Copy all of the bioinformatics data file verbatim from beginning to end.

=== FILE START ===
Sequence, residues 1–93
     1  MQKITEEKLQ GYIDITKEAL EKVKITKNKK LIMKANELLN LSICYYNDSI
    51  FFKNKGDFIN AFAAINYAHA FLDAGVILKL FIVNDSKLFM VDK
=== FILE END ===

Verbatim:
Sequence, residues 1–93
     1  MQKITEEKLQ GYIDITKEAL EKVKITKNKK LIMKANELLN LSICYYNDSI
    51  FFKNKGDFIN AFAAINYAHA FLDAGVILKL FIVNDSKLFM VDK